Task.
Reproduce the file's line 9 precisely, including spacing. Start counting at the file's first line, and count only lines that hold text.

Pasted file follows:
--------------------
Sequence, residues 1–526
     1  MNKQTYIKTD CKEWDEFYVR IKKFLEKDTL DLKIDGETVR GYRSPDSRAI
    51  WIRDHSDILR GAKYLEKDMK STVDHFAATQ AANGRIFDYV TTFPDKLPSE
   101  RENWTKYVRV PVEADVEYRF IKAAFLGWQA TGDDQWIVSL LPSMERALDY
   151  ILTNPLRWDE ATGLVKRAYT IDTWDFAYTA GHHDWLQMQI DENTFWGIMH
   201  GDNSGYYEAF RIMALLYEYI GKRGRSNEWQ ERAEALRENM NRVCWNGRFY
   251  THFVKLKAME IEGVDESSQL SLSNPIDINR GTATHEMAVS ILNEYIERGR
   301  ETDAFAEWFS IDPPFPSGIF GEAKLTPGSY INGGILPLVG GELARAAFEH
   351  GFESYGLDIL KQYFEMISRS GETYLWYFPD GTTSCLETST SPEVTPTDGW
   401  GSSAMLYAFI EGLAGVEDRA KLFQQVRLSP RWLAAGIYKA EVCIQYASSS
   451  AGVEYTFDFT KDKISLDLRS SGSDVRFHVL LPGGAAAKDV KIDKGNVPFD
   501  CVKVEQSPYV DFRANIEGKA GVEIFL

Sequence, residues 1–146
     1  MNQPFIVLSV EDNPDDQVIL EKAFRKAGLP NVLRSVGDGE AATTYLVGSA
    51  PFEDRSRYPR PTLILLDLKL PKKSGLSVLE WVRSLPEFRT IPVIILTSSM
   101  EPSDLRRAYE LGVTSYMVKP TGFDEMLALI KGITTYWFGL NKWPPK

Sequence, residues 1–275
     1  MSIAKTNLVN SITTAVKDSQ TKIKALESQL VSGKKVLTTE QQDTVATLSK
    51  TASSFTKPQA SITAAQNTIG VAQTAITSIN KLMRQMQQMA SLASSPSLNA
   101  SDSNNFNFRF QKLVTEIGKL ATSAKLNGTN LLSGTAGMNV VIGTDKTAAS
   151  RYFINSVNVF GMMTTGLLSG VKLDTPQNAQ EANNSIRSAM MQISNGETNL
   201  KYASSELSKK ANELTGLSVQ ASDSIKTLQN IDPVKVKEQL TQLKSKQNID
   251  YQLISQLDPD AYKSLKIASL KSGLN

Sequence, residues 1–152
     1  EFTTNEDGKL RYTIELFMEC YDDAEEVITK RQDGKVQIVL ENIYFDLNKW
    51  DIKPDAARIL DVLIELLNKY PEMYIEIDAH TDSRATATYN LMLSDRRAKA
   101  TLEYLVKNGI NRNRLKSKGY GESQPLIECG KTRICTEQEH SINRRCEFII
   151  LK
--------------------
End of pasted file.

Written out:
   351  GFESYGLDIL KQYFEMISRS GETYLWYFPD GTTSCLETST SPEVTPTDGW